Why register? ...To Enhance Your Experience
+ Reply to Thread
Page 1 of 3 123 LastLast
Results 1 to 20 of 50

Thread: Ice!!!!!

  1. #1
    Forum Member Chewy911's Avatar
    Join Date
    Dec 2010
    Location
    Down South
    Posts
    93

    Default Ice!!!!!

    Once again we are getting ready to be hit with some winter storms.
    Where I live this isnt rare, but we dont get as much snow/ice nor do we get it that often. So im courious on what some departments do, (maybe alittle different) when they are encountered with snow and ice. Some tips and ideas that help or that dont help. Im sure for alot of you guys this is just another day.
    Fire scenes: A well organized cluster F......
    These are my veiws and opinions.....Im just saying


  2. #2
    MembersZone Subscriber LVFD301's Avatar
    Join Date
    Jun 2006
    Posts
    3,922

    Default

    If it looks like an inmobilizing event, we make sure our traffic control equipment (arrow sign, fold up signs, and cones) are ready, start and check generators, make sure we have plenty of bottled water, check insta chains, etc.

  3. #3
    Forum Member
    Join Date
    Jan 2007
    Posts
    2,802

    Default

    make sure you have salt on the rig. A 5 gallon bucket of it at least. Necessary if you are doing anything involving stretching lines. Have coal shovels on the rig also, and have them so that they are in easy access for the person making the hydrant. Be sure its a coal shovel, it'll chip through ice and the refrozen crap the plow throws much better than a flimsy snow shovel. They should be easy to grab, so if you lay in the hydrant man can just grab it while he grabs the line.

    If you don't get snow and ice all that often, go find an open parking lot and drive the truck around a bit. Don't get crazy, but just get a feel for how it reacts to the conditions. The rig will probably "push" through tight turns, widening your turning radius, so adjust your driving accordingly. Just remember to go slow and to be gentle when breaking and turning. Don't want to loose traction.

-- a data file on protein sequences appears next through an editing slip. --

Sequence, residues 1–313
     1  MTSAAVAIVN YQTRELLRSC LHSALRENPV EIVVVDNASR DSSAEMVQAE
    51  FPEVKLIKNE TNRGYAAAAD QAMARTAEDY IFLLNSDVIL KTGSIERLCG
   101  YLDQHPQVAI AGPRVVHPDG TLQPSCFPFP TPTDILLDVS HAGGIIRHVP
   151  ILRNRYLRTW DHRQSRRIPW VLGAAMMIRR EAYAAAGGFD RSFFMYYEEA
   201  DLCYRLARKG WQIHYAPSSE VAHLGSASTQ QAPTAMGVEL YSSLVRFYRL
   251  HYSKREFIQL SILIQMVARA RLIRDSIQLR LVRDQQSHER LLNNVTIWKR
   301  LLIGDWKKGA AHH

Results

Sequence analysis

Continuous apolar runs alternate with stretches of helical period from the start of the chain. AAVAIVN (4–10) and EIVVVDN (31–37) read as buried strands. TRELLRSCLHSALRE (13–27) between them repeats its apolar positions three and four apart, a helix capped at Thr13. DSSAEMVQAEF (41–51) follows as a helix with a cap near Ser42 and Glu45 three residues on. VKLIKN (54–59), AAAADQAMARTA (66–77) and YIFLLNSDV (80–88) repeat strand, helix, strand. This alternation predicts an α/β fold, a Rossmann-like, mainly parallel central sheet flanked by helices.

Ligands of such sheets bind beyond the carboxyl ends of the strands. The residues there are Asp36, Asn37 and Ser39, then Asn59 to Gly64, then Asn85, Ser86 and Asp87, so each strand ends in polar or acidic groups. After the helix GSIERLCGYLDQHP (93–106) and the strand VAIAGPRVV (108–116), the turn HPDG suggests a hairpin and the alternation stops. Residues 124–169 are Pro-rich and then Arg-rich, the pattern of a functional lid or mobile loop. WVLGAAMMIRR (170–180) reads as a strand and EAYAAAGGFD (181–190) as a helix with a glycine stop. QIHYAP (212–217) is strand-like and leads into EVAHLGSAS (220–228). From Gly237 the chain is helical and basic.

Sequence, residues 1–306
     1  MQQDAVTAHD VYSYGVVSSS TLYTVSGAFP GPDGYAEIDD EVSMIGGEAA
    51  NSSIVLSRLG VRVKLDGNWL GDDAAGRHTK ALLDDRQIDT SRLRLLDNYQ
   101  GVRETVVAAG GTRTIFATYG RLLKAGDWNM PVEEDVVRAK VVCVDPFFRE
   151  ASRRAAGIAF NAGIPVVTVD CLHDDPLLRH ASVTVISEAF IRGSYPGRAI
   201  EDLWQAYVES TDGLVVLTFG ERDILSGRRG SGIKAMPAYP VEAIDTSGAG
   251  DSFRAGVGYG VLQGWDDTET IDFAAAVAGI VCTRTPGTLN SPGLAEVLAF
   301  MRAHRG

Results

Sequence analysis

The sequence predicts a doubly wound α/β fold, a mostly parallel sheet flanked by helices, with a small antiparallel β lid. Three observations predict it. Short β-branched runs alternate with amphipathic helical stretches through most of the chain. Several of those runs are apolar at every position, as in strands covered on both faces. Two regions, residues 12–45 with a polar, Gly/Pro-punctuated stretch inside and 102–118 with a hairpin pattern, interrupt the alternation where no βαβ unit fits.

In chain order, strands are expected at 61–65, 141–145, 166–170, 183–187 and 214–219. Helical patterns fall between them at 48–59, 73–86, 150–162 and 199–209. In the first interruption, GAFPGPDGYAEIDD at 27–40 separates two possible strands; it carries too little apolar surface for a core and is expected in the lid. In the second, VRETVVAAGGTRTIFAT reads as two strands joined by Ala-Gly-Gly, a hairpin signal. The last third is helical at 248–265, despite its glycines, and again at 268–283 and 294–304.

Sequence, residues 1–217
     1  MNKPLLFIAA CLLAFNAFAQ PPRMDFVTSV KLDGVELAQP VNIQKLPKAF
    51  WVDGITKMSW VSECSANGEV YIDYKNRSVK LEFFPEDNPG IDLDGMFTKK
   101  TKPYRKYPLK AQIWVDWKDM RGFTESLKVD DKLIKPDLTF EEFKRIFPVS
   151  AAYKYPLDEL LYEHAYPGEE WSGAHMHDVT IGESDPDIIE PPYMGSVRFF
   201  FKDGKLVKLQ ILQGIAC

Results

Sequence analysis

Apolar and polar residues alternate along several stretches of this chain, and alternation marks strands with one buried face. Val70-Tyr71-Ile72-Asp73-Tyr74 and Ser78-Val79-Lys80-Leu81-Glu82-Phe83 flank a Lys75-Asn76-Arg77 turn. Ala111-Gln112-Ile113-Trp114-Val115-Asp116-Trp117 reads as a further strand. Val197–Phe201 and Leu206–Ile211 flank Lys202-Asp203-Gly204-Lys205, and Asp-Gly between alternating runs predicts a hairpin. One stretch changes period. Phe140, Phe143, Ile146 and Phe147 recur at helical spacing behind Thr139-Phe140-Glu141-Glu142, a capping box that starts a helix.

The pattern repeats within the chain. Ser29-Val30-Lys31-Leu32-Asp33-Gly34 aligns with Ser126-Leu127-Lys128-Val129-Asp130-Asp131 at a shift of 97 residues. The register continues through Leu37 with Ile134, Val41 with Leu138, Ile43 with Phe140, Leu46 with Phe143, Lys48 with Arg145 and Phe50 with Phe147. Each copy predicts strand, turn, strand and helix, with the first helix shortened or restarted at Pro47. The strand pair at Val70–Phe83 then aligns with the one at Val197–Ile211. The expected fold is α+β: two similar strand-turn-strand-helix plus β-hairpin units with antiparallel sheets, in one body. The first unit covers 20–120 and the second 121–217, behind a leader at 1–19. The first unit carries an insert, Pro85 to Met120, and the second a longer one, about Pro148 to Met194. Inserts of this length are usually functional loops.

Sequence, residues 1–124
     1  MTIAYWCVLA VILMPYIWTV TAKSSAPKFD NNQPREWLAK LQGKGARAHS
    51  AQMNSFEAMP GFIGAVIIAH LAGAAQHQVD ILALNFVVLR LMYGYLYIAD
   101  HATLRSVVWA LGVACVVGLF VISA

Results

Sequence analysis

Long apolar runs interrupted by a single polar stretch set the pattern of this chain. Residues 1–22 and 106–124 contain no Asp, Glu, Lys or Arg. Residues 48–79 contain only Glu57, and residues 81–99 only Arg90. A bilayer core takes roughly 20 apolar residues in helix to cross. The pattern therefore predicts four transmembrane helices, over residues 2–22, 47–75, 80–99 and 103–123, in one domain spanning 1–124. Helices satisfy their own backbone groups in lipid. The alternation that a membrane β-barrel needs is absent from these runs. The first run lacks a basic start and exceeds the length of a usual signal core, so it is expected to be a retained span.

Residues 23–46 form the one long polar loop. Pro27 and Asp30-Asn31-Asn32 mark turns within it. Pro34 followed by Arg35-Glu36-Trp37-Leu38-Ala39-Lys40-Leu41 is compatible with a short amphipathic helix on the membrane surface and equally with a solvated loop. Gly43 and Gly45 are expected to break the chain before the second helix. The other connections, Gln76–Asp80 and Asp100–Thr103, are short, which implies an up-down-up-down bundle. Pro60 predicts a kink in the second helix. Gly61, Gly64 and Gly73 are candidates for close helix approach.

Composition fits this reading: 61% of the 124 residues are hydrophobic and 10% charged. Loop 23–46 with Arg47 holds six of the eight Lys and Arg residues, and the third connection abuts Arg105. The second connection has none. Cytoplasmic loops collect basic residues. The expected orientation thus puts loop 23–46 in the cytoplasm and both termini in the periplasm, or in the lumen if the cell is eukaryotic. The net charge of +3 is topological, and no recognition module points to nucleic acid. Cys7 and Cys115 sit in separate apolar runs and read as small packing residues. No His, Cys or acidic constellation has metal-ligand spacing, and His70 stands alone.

4. #4
    Forum Member FyredUp's Avatar
    Join Date
    Jul 1999
    Location
    Rural Wisconsin, Retired from the burbs of Milwaukee
    Posts
    9,854

    Default

    Well, since we live in Wisconsin we usually just go "Huh, another winter storm." Then we yawn and talk about the idiots who aren't smart enough to stay off the road and the number of accidents we will go to.

    Seriously, we don't do any additional prep for a storm than we do for our normal start of winter prep.

    Generators are checked weekly year round, all the vehicles have cones on board, all the rigs have scoop shovels, most carry bottled water, and all carry oil dry and salt for traction.

    Personally, for the winter, in my bag on the rig I carry extra socks, extra gloves, an extra hood, and a pair of wool lined chopper mitts.
    Crazy, but that's how it goes
    Millions of people living as foes
    Maybe it's not too late
    To learn how to love, and forget how to hate

  5. #5
    Forum Member mncowboy96's Avatar
    Join Date
    Jul 2009
    Location
    Where it is frozen
    Posts
    29

    Default

    Well depends on the storm, typically if your just talking about the run of the mill snowstorm our trucks are always ready.

    The fun ones are the ice storms that we get out here in New England that coat everything under inches of ice and take out the power for 2-3 days at least.